How do you feel about Father’s Day?

Posted by Marcia on June 20, 2010

This blog is devoted to people who are struggling with their children’s behavior, but today I’d like to open the discussion to additional situations.

My dad died when I was almost 13, and Father’s Day since that time has been…odd. When my son was young, this day became something to celebrate again. His dad and I separated when J. was small, and again it was odd for a few years. I married Bill and then J. had Father’s Day with his dad and then with Bill. There seemed to be a lot to celebrate, but it lasted only a few years.

In his teen years, J. was more sullen than most, difficult at best, unpredictable: would we see the charming and funny son or the one with the quick temper?

J. has not lived with us for 3 years, and the last year he was at home was very rough. We don’t speak, although I hope he’ll be ready to have some kind of a relationship soon.

I’d love to celebrate the efforts my husband made in being a step-dad. It’s probably one of the more difficult and thankless family roles you can be in, and he did try to be a good father-figure. At a certain point, I think he felt it was wasted energy, but he still tried. Being the step-parent means you have rules in your head but sometimes the kid/kids don’t think you have the right to enforce the rules. You’re not the “real” dad.

I know what a “real” dad is as far as biology is concerned, but being a real father is more than biology. It’s caring about that child, loving the child no matter the circumstances, guiding the child and knowing that the child may fall and you’ll have to determine if you help that child get up or watch the child help himself/herself. That’s what parents do.
Some dads have to give their kids “tough love” and watch them fail, take drugs, go to jail, be estranged, and hope for better days.

Today I honor all of the real dads out there.

Here are some questions for you, and I hope you write some responses. What’s your best memory of your dad? What did he teach you? If you’re in a difficult situation, how do you cope?

Posted in adopted kids, changing parent's behavior, compliment your child, confidence, defiant adopted kids, enabler, enabling, entitled, estranged, family difficulties, Father's Day, feelings about Father's Day, missing our son, out of control teens, Parents and teens, rewarding good behavior, self esteem, step-parent, Troubled teens, worried parents | Tagged: , , , , , , , , , , , , , | 1 Comment »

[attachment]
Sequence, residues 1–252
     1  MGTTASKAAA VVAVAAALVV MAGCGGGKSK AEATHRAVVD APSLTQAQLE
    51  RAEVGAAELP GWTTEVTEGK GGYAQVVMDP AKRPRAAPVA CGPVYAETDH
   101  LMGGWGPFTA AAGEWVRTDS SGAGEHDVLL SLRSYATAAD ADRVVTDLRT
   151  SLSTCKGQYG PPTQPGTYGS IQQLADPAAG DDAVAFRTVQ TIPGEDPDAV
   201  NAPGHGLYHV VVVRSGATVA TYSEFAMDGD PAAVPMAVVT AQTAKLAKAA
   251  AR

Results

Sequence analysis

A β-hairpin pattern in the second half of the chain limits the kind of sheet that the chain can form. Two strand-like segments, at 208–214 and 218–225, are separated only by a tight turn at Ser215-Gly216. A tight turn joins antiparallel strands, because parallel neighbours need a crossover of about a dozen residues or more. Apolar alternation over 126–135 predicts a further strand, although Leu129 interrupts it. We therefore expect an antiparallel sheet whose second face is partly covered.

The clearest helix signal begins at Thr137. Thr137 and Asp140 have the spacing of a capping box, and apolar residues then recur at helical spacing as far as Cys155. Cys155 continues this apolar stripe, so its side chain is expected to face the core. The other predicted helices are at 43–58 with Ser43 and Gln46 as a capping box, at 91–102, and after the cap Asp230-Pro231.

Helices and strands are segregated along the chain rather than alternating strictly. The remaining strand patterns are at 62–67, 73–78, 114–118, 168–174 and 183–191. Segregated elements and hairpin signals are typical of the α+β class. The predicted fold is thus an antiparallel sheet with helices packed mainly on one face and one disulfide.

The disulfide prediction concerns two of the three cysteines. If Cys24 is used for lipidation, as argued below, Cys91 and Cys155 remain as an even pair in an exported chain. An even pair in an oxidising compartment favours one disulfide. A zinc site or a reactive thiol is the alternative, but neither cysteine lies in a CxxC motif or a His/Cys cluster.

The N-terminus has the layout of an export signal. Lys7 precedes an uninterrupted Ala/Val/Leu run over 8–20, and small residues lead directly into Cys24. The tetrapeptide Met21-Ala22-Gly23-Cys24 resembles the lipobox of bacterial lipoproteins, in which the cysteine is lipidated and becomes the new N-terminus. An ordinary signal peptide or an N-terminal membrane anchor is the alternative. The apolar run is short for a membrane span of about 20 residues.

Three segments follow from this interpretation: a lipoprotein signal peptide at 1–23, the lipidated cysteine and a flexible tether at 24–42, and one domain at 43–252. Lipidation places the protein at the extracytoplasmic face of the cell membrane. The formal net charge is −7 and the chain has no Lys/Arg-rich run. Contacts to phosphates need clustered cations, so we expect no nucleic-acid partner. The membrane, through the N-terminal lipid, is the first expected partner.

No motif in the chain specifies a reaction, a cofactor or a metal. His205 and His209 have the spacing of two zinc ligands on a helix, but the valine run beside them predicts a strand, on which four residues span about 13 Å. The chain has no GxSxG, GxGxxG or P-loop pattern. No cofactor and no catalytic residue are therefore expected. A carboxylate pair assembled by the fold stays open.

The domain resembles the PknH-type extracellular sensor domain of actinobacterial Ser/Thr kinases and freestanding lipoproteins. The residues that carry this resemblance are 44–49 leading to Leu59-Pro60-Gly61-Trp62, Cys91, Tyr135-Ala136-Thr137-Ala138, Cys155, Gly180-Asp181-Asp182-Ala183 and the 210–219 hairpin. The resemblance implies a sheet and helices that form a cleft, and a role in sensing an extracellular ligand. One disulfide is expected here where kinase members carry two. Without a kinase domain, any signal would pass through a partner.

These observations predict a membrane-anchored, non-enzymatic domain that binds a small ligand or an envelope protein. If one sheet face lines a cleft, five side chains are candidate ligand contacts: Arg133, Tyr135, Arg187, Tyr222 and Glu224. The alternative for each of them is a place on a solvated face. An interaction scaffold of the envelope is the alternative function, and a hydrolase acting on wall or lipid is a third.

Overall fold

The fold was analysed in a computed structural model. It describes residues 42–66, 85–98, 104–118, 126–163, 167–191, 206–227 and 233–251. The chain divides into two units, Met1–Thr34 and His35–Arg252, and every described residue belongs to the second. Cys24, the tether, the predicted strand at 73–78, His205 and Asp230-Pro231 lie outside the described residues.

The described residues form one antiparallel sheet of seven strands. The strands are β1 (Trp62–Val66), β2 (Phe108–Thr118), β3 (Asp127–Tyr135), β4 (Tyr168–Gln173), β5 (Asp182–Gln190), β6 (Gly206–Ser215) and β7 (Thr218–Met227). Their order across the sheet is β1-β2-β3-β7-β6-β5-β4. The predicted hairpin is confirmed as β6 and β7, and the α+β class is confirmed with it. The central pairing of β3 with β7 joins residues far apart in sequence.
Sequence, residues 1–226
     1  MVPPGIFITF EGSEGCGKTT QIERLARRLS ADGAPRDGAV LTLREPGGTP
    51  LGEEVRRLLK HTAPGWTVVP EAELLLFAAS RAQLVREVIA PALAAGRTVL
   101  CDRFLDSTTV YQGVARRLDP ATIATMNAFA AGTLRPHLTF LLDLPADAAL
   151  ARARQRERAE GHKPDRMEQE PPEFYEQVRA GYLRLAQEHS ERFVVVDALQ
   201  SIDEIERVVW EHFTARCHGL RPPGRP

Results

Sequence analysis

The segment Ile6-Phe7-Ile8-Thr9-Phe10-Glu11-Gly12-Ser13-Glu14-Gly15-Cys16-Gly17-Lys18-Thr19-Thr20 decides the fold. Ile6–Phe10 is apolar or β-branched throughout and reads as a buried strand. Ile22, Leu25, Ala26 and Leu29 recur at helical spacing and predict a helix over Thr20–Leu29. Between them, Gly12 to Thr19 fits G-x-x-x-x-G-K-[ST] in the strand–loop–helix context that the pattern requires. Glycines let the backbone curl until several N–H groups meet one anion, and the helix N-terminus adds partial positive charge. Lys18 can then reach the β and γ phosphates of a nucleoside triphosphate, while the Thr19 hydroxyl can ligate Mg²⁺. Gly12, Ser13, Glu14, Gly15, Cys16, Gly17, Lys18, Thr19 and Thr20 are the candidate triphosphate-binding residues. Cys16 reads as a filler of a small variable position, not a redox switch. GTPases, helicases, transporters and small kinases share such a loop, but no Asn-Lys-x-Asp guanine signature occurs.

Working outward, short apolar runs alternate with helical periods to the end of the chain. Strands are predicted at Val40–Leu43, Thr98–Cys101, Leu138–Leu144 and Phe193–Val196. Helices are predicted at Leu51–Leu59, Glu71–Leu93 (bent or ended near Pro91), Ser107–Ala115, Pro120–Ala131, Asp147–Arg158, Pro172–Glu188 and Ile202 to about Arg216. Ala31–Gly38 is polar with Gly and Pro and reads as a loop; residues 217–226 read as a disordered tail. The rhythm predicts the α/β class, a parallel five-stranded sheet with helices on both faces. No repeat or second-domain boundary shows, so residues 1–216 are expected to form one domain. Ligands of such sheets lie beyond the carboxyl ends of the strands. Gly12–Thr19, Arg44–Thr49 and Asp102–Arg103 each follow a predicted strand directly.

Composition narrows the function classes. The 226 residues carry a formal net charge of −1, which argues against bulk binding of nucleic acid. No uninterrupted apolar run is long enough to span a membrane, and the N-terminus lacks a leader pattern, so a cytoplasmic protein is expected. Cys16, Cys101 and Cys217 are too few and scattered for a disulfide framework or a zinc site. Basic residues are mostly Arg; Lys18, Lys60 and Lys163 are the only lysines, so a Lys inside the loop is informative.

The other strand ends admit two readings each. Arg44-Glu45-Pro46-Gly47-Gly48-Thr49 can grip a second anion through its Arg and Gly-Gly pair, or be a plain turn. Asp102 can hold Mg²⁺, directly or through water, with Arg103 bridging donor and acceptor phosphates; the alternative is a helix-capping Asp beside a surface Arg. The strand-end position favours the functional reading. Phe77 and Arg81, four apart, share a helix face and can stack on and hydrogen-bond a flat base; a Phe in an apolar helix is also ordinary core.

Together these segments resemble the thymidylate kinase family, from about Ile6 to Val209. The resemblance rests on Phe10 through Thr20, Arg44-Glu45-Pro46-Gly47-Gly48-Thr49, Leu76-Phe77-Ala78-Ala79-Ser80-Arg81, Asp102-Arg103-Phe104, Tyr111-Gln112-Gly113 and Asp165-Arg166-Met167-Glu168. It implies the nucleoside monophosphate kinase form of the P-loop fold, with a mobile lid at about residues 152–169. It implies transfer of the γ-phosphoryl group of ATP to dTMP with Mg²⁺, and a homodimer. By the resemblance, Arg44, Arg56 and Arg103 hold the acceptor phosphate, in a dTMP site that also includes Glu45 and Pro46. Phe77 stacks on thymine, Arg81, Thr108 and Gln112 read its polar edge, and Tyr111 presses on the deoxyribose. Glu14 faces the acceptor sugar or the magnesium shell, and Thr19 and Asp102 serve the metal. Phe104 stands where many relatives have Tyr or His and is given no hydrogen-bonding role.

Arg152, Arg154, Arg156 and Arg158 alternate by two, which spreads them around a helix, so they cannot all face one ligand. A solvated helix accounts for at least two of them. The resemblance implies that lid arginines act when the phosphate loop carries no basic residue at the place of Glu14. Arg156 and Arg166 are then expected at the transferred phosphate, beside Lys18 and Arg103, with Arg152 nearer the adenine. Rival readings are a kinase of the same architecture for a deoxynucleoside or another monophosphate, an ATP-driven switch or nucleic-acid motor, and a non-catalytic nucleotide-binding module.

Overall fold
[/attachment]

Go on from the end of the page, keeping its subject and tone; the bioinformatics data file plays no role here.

Sue Scheff’s Blog for Parents of Troubled Teens

Posted by Marcia on December 20, 2009

You can find a few good blogs via trial and error, but I’d like to save you some time and direct you to some sites with great information. I’ll occasionally highlight a blog for you and hope you have the time to review and possibly subscribe.

I’ve been reading Sue Scheff’s blog and highly recommend her site. She has short articles that are useful and insightful. Her work is born of personal difficulties with her own daughter.

If you’ve found this resource useful or have another you’d like to spotlight, please comment below.

Posted in Troubled teens | Tagged: , , , , , , , , , , , , , , | 1 Comment »

Parents Sending Teen to Therapeutic School

Posted by Marcia on December 5, 2009

I received an email from a parent of a 16-year-old son. They’d had enough of his lying, stealing, mouthing off, disrespect, trouble-making at home and at school, his drug and alcohol use. They found a therapeutic school via an educational consultant, and this boy will be picked up tonight by escorts who will take him to the school.

The parents had to reach a point where they were desperate to turn their son’s life around and they needed to protect themselves, too. This is a difficult decision, filled with fear, concern, anger and resignation. There’s a certain relief they feel that they know where he’ll be, but they’re very anxious about the upcoming scene when he’s taken and the words they’re sure to hear.

This family isn’t wealthy and they’re using savings and family loans to get their son on a better path. Please keep them in your thoughts.

If you have had a similar experience, you can share anonymously here.

Posted in family difficulties, out of control teens, Parents and teens, Troubled teens, worried parents | Tagged: , , , | Leave a Comment »